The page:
Terminator: The Sarah Connor Chronicles: I did not expect to like this show. John and Sarah Connor are hard roles to take on. Most of us still have an image of the steely-eyed Linda Hamilton from T2 opening fire on a residence in full military regalia, and we all want to believe that mankind’s savior from the machines is something a little more than either a blonde child or the somewhat robotic Christan Bale character from Salvation. This show had some truly standout performances with Summer Glau as a very likable but confused machine, while Shirley Manson is a perfect T1000 with a total void of humanity. The weirdest part is that it made me root for the machines…sad, but true. When the time comes humanity, I’ve made my choice…sorry.

Space Above and Beyond: If you don’t know what a chig is, or a tank, then you haven’t lived, chummer. Mix yourself up some good ol’ alien invasion after mankind’s war with the synthetics, as well as racial tension between human soliders and those grown in-vitro as cannon fodder, and there is enough weird to go around. The plot follows the wild cards, a group of green marine pilots as they go from boot camp to full combat. Anyone that has ever shouted a Semper Fi will enjoy this show, with the marine admiral that is convinced that chigs do not belong in his sky as well as the Sergeant that makes Jethro Gibbs look like an overdressed girl. Only one thing to say about this: Ooo-Ra!

Just for Laughs

Intended Audience: For those that like to laugh at the end of the day. Morticians, battlefield medics, social workers.

Titus: Titus is the wet dream that Scrubs tried to realize. Anyone familiar with Christopher Titus’ standup, especially his stuff from Norman Rockwell is Bleeding will recognize the material of his highly dysfunctional family. A sitcom that really dealt with some dark overtones, alcoholism, drug abuse, mental illness, and the nightmare of just trying to make life work. It’s unbelievably clever, and died horribly about the same time as much of this list. It was what most sitcoms try to be and almost any comedy/ drama fails to capture.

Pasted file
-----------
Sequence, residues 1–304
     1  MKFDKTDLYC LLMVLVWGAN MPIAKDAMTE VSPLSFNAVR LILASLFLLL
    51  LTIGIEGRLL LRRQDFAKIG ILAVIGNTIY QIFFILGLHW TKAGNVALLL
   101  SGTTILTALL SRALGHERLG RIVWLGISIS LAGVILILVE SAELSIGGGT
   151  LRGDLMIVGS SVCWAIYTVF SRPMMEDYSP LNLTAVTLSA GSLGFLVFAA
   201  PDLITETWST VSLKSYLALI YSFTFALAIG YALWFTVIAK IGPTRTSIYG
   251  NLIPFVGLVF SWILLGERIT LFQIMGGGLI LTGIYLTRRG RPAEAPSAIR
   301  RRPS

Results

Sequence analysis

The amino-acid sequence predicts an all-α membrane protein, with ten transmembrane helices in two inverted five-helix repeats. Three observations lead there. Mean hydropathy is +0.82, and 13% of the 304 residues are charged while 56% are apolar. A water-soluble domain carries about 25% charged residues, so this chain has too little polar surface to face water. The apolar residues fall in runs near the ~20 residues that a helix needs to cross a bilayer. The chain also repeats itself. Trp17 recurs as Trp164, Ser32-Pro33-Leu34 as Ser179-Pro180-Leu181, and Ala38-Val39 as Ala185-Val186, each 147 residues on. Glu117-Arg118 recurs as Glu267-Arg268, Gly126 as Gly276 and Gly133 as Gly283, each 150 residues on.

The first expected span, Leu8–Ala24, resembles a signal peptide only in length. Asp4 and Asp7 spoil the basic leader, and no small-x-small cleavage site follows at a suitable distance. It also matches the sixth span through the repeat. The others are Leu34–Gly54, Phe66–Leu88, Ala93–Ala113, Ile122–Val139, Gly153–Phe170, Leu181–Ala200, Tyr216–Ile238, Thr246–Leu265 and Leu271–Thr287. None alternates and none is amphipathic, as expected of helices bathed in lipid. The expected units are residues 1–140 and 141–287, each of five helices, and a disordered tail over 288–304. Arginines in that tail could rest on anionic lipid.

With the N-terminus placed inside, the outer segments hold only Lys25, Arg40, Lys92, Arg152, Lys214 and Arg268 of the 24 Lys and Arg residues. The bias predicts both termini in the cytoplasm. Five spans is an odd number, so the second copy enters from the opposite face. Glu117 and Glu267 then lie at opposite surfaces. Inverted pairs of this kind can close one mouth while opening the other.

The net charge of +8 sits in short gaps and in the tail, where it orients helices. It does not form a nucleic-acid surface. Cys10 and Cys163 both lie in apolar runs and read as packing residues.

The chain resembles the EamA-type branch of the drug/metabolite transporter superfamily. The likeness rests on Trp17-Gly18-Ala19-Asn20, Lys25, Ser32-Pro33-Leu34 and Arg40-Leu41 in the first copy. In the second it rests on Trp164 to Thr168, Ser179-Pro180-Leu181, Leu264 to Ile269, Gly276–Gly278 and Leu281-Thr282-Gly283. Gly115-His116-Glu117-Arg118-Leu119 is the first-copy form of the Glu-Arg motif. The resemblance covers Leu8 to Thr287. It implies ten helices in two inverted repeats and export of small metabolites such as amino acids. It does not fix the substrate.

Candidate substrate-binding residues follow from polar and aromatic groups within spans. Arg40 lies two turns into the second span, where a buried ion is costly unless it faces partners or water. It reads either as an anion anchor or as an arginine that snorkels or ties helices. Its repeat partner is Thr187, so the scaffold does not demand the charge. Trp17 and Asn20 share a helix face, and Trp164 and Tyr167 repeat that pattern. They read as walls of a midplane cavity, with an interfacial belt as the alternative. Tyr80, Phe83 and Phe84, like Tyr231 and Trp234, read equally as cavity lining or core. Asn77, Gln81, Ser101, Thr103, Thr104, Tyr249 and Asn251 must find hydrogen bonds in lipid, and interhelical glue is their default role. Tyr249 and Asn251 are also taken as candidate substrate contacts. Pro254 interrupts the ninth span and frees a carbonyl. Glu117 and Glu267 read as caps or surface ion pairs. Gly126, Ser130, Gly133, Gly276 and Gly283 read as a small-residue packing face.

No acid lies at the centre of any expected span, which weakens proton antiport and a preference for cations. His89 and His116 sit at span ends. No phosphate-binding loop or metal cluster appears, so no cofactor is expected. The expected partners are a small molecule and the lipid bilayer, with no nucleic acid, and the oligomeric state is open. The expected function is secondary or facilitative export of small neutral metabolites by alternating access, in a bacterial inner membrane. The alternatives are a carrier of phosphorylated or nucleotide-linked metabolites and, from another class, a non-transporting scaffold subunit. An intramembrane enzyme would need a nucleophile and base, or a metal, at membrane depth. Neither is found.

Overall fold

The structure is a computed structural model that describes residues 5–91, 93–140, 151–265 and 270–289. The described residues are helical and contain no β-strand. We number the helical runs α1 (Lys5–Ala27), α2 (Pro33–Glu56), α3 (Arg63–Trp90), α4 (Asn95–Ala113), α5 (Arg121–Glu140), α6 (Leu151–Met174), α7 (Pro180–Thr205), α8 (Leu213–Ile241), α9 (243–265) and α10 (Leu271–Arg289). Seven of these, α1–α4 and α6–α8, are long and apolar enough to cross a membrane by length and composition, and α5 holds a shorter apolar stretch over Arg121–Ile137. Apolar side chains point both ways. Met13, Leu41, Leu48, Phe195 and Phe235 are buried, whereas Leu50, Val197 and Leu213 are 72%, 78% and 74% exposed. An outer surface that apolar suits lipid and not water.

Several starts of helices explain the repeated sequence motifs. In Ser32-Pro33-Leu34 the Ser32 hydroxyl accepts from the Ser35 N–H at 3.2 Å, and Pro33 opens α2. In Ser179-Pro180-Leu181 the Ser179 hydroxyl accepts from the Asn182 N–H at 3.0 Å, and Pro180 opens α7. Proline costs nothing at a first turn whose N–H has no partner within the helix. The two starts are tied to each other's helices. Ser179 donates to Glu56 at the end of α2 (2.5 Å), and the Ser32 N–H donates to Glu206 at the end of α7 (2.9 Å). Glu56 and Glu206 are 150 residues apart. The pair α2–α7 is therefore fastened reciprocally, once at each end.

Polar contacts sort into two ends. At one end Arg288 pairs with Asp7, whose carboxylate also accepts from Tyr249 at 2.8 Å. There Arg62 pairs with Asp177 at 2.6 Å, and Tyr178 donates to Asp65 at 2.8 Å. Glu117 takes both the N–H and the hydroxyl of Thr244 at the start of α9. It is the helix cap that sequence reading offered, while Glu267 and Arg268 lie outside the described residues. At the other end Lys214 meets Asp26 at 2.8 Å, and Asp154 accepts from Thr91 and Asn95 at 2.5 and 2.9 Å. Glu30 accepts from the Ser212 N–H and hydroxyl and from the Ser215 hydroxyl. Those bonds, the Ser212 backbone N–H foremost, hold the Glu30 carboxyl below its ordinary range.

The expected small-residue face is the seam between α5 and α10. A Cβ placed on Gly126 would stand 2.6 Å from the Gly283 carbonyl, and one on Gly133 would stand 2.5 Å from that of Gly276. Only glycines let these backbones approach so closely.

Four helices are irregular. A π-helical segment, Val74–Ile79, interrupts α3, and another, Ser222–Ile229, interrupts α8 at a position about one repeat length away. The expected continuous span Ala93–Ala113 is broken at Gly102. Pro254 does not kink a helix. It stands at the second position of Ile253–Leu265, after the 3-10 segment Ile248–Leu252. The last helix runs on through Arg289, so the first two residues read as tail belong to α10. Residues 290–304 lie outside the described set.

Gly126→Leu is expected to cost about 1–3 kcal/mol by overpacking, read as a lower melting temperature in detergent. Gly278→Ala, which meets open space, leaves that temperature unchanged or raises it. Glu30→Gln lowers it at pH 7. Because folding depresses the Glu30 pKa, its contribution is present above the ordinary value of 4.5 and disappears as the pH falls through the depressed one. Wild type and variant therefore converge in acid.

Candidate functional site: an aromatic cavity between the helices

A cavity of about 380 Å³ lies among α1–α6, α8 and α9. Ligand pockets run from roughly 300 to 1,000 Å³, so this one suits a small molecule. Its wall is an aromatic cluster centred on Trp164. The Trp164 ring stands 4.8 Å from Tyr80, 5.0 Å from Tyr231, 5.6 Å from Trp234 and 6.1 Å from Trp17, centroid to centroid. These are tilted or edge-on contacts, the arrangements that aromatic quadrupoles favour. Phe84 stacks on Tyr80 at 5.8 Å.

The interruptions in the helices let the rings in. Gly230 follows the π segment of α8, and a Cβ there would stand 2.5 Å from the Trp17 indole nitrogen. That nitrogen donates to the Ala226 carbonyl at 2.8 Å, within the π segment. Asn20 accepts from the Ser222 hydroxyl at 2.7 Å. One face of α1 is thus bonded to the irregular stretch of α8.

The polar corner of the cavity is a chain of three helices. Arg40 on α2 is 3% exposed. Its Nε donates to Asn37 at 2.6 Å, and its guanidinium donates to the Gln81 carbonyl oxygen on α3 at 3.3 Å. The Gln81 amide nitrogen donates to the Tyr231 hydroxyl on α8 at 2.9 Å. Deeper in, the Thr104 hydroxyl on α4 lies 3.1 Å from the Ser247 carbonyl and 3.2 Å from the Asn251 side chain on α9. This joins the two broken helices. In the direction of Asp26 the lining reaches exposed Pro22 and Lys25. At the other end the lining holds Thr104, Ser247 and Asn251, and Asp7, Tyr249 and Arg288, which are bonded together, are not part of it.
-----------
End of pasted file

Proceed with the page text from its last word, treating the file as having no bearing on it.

Sports Night: Aaron Sorkin’s first series was the critically acclaimed Sports Night, a show about a show within a show. Before he won Emmy’s for The West Wing, and long before anyone thought of Social Networks as being an internet phenomenon, much less a wildly successful movie, Aaron was writing whip smart dialog with characters that you can’t help but like. It’s electric, fast-paced, and started the sitcom without laugh track concept that is now the standard.

Early Seasons:

If you have missed the first season of The Walking Dead, Hung, Fringe, The Good Wife, or Lie to Me, do yourself a favor and give any of those a try. I also greatly enjoy Human Target for the he-men among us.

The Wrap

There is good television out there that died shamefully far too young and with little fanfare. Almost anyone that has ever hunted for good television has had at least one of these recommended by well-meanings friends and family that do not want you to die in a world without culture. Believe it or not, television does not have to be pandering, and it is an art form as surely as any other expressive medium. It does not have to be dominated by the likes of the Kardashians and the E! network. I have tried to make the list as broad as possible, not choosing niche groups, but things that anyone can enjoy, if they are just a fan of decent programming.

Just remember, it could always be worse…you could be reading.

Discover more from 303 Magazine

Subscribe now to keep reading and get access to the full archive.

Continue reading